A Brown-headed Nuthatch is truly elfin, weighing about ten grams and measuring only 4.5 inches. That's not much larger than a kinglet, and less than half the weight of a White-breasted Nuthatch.
Another interesting aspect of RCW nest cavities is the birds' propensity for drilling sap wells around the cavity's perimeter. By doing so, the woodpeckers trigger a sheet flow of gummy, sticky sap all around the nest site. The likely theory for this is that the tarry sap impedes the ability of predators such as high-climbing rat snakes to gain access to the hole. Plenty of viscous white pine sap is evident in the photo above.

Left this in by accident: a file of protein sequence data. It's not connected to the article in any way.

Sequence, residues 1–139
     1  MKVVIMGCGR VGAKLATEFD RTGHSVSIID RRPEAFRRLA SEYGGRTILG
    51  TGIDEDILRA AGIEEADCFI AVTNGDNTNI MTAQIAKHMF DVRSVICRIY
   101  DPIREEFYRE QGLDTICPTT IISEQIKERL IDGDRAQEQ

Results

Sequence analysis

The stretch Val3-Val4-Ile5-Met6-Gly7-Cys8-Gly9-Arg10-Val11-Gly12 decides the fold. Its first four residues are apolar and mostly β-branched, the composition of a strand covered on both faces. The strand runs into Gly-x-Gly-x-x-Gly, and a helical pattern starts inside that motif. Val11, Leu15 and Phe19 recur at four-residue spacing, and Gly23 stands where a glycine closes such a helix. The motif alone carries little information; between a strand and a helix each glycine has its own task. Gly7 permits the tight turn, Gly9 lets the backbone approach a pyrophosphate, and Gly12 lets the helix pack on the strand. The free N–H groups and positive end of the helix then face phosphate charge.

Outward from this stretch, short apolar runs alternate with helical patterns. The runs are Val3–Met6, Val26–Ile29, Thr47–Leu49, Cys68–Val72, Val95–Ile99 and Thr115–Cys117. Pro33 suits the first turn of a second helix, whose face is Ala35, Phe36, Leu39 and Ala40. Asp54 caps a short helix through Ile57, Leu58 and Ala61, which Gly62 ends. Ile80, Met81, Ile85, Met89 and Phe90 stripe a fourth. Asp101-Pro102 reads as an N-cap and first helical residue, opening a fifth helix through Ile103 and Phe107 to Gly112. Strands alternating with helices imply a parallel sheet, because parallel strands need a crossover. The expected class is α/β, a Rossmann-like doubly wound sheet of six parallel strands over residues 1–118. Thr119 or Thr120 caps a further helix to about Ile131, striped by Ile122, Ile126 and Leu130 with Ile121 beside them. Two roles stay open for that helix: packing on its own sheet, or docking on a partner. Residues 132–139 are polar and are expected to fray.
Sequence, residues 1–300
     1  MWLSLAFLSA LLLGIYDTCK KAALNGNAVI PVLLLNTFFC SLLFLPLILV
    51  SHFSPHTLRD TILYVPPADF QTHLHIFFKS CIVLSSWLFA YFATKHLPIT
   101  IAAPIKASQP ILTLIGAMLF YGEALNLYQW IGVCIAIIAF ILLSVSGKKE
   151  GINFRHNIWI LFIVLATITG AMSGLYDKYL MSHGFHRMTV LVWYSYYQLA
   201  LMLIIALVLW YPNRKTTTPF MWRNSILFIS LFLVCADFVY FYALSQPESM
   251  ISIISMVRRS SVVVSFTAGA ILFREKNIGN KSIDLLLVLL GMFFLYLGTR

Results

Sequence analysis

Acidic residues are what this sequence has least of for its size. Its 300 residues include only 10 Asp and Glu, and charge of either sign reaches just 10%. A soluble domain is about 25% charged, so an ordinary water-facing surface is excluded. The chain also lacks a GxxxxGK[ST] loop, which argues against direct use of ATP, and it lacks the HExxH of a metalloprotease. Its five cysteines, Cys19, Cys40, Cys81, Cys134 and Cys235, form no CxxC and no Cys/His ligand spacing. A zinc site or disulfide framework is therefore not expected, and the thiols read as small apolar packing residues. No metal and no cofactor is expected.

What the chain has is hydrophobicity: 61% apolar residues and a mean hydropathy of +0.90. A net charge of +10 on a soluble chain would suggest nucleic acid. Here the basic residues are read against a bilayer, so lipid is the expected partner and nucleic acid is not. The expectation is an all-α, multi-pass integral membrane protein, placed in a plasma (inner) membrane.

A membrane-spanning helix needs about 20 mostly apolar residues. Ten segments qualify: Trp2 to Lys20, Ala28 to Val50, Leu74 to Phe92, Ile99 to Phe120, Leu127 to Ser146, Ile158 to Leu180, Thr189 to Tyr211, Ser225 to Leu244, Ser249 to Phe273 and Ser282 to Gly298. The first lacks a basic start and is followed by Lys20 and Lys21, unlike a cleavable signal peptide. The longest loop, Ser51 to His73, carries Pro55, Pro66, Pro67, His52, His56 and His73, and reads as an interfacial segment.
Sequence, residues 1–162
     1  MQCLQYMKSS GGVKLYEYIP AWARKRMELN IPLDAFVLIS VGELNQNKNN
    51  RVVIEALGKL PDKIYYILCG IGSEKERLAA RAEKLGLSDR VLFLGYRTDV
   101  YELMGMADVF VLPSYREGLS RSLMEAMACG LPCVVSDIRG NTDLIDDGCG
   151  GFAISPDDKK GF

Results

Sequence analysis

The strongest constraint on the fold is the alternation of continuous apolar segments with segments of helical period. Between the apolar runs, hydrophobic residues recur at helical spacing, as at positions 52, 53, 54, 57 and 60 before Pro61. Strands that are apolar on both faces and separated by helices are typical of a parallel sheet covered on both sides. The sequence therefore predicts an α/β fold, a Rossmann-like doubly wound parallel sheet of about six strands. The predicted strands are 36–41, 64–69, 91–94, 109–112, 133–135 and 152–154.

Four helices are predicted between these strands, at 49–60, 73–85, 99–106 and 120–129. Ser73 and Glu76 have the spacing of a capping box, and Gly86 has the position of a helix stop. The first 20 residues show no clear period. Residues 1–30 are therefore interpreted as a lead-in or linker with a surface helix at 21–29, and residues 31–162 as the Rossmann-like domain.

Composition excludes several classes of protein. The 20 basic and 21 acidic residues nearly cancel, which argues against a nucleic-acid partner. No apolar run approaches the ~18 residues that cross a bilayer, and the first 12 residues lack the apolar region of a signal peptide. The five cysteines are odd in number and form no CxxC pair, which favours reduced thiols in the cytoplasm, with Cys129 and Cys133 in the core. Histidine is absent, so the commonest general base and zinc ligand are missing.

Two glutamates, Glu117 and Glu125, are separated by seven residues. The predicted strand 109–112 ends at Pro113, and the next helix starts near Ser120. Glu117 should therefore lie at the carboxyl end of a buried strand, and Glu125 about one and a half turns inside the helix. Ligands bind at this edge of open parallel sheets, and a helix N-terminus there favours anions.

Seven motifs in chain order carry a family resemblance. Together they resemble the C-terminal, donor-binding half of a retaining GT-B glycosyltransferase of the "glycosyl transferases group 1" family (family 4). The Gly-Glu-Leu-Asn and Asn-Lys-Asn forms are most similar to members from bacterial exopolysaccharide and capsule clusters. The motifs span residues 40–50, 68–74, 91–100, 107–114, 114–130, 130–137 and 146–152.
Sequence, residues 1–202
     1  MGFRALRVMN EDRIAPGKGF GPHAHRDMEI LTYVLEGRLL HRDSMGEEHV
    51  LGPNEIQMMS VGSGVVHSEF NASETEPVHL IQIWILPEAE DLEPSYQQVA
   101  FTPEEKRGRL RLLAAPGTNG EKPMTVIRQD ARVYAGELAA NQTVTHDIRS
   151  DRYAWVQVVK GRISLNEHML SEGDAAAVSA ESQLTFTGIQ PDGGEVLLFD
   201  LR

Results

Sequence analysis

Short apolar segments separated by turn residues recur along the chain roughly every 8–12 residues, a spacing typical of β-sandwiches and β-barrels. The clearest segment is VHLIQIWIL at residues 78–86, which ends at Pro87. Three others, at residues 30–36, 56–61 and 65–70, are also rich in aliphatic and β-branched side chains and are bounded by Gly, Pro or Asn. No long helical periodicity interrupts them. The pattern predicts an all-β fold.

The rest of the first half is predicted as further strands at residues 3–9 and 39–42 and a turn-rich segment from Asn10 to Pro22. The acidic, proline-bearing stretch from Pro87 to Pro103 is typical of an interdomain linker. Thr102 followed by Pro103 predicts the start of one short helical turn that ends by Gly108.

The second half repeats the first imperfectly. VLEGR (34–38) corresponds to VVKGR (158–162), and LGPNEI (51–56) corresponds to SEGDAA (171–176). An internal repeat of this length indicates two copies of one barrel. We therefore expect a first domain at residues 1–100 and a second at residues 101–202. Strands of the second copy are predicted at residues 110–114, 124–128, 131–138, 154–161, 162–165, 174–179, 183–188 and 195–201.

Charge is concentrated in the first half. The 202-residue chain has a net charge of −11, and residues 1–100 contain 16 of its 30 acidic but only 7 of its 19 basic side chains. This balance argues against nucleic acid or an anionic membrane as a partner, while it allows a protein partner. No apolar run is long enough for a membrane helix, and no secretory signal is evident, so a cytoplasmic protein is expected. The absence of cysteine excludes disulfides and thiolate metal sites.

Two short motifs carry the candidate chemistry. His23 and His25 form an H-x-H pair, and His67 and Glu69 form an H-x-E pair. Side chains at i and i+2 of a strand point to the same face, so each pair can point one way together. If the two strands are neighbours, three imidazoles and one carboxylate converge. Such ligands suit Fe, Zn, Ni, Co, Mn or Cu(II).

The Red-cockaded Woodpecker was listed as an endangered species in 1970; thus it was among the first group of animals to gain protection under the federal Endangered Species Act with its passage in 1973. At that time, fewer than 10,000 RCW's existed. With protection of its habitat and management techniques, the woodpecker population has grown by one-third. That's still precious few birds. I certainly hope this iconic bird of the southern pinewoods never goes the way of its larger cousin, the now extinct Ivory-billed Woodpecker.